Is it Time for More Weight Divisions?


It was comment made in passing by Joe Rogan… Something about how it would be nice if the heavyweight division got split into two weight classes. It didn’t register with me right away, but as I sat, reflecting on UFC 102 and what the results would mean in the future, the comment grabbed hold of a couple synapses and gave them a good tug. "The UFC," my synapses said, "has been around long enough now that the talent pool available to it is significant. Having just five weight classes spanning 110 pounds might need to be a structure that is reviewed for change." Let’s take a quick look at the breakdown:

  • Lightweight: 145 to 155 lb (66 to 70 kg)
  • Welterweight: 156 to 170 lb (71 to 77 kg)
  • Middleweight: 171 to 185 lb (78 to 84 kg)
  • Light Heavyweight: 186 to 205 lb (84 to 93 kg)
  • Heavyweight: 206 to 265 lb (93 to 120 kg)

These are the bare essential weight class designations as outlined by the Unified Rules which the UFC adopted during those dark days when the sport was fighting political opposition.  Boxing abides by the same rules; however "the sweet science" makes use of all the weight classifications offered.   The topic of adding weight classes did come up last summer following the Montreal convention for the Association of Boxing Commissions.  When asked about the rules changes being implemented, Dana White reportedly responded negatively:

"There's going to be a fight," said White when talking about new rules being implemented. "And you know I don't roll over easily."

Source: MMA Junkie - July 2008

The time may have come to rethink this position, though.  When looking at the heavyweight division and its 60 pound swing, one can't help but wonder if the good fighters in the 230 range aren't getting the short end of the stick.  With a growing number of truly large heavyweights and a champion who cuts weight to make 265 (and has all the athleticism of a 185er!), guys who can't make 205, but are also not mutants, just don't stand a chance.  I know that the UFC began without any weight classes at all and MMA was supposed to be all about technique over size and strength... "As real as it gets!"  I remember all that, but the sport has evolved to the point that the big guys have that same technique now too.  When all else is equal, size and strength will make the difference.  Most recently, we have GSP vs. BJ Penn to help prove that point.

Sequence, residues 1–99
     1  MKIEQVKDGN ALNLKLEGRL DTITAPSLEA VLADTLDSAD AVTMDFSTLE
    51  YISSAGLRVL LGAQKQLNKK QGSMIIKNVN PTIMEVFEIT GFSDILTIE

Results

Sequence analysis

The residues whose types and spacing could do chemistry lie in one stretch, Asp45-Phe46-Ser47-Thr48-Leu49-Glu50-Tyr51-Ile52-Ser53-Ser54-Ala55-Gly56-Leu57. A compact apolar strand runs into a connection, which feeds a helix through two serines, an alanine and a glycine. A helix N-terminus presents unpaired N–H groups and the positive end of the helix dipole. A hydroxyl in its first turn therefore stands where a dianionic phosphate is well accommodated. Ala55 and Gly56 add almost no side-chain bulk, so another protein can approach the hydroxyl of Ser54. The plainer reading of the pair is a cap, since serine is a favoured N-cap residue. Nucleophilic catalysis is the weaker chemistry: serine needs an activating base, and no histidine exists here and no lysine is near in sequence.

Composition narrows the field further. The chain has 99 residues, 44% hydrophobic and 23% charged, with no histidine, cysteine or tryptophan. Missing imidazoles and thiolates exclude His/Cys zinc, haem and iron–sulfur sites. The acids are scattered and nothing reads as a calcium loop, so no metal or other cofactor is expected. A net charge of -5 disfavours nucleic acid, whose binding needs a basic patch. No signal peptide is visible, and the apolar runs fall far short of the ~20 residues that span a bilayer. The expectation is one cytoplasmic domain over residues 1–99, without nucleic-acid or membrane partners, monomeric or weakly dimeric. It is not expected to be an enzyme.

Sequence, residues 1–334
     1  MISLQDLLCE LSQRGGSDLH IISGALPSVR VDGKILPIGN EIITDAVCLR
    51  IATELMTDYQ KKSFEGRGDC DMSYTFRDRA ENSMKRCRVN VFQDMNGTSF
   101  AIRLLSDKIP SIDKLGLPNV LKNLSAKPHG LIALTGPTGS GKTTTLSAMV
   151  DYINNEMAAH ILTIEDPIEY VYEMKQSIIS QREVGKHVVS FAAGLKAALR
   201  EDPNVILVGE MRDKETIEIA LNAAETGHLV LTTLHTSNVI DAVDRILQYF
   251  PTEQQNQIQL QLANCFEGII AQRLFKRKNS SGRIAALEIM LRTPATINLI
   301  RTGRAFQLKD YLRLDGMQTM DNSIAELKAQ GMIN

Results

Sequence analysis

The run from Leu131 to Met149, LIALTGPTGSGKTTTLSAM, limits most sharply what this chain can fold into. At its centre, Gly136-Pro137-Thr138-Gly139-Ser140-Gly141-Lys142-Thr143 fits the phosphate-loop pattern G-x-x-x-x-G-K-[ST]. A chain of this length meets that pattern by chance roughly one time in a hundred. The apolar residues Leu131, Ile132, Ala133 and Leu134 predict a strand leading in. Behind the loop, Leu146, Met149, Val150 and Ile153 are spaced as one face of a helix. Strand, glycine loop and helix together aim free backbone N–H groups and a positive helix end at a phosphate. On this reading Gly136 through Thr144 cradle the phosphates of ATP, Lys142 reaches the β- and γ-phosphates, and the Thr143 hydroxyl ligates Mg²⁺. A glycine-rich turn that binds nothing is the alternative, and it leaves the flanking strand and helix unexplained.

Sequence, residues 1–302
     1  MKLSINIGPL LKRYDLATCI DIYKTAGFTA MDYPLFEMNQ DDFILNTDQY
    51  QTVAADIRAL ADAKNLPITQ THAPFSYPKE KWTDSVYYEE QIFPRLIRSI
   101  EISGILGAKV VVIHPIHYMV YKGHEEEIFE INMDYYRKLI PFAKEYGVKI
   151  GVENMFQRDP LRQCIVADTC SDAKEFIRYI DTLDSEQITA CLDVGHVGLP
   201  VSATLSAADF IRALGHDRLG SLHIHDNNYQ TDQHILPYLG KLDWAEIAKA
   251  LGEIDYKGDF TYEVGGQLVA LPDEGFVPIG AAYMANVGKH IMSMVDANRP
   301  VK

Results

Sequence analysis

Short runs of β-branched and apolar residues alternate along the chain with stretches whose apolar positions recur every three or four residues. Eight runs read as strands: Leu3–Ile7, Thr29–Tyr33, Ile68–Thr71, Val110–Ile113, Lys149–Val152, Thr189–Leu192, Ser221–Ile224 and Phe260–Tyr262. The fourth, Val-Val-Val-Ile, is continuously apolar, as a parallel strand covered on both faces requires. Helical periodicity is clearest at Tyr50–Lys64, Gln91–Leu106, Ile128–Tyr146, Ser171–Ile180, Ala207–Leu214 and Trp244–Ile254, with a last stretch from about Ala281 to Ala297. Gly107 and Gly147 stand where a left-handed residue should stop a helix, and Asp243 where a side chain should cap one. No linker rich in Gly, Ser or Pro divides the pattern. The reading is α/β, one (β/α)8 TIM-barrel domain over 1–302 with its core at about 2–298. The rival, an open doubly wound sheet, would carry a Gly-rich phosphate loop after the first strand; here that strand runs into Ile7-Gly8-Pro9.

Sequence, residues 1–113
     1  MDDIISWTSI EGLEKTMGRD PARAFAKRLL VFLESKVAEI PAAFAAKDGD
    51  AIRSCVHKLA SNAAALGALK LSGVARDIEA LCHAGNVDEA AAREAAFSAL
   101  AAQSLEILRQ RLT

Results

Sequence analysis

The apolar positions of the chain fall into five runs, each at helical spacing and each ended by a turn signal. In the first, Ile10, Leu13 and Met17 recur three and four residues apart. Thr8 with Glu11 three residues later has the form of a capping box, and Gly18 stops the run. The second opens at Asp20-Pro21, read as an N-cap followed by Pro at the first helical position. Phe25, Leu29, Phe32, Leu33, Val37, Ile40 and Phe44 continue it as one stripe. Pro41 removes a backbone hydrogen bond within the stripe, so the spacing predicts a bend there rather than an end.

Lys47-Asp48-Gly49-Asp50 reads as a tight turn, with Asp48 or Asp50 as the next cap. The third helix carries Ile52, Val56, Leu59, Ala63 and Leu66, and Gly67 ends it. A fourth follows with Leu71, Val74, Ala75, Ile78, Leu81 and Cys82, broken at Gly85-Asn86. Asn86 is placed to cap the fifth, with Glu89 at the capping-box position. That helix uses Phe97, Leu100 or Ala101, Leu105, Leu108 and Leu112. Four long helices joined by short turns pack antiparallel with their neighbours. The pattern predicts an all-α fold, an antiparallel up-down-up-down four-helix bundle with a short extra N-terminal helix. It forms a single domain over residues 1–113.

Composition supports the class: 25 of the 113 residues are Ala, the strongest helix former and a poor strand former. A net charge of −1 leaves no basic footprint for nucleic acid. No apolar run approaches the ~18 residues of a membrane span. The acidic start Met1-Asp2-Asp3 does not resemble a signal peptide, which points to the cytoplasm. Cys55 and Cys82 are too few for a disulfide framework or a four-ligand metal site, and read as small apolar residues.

The argument for added weight divisions doesn't end there, though.  There is the business side of things to consider.  This weekend was a perfect example.  We saw a main event held that featured two legends in the sport - one fighting in his old home town - where the arena was full of empty seats.  Although the data isn't out yet, I am also willing to bet the PPV numbers were not stellar either.  Why is this?  I liken it to baseball in which teams out of contention don't put butts in seats.  Major League Baseball did the smartest thing (even if it pissed off the traditionalists) when they implemented a wildcard and suddenly we started seeing Septembers with a half dozen teams worth watching.  Attendance numbers soared.  Do you think the arena would have been full tonight if the Couture - Nogueira match was for the UFC NAMETHECLASS Title of the World?  I see the energy difference in the crowd for title fights.  There is no comparison.

What about the other divisions, though?  Certainly the argument for the heavyweight split is the strongest.  We can't make the same argument about the physicality becoming insurmountable for the rest of the classes with a 15 pound swing, but we can consider how much more interesting it would be if the jumps were all halved.  I don't want an alphabet soup style mess of champions any more than the next MMA fan, but jumping to 10 divisions would not be the same ridiculous scenario we see in boxing.  A large part of the problem with the boxing championships comes from so many sanctioning bodies offering belts.  There would still be only ONE UFC champion at each weight and having another class available for guys like John Fitch, Diego Sanchez, Dan Henderson, Thiago Silva and maybe even Nate Marquardt would give these guys who can't quite get past the SUPER elite fighters a chance to grow and build their own mystique.  The resulting match-ups when one fighter moves to another division to face another champion could be the recipe for epic bouts the likes of which we hoped to get out of Penn - GSP fight, but couldn't because 15 pounds at that level of skill is just too much to overcome.  With a larger (but not ridiculously so) cadre of title belts being tussled over, the UFC could have championship fights on every card.  We could see build up to fights that become pieces of history (think Hagler - Hearns, De La Hoya - Trinidad/Whitaker/Mayweather, etc...).  It's not 2000 anymore.  The UFC has enough of a talent pool to draw from to make this more than doable.

As I often like to close... In the words of my favorite long distance runner: "That's all I have to say about that."

\The FanPosts are solely the subjective opinions of Bloody Elbow readers and do not necessarily reflect the views of Bloody Elbow editors or staff.

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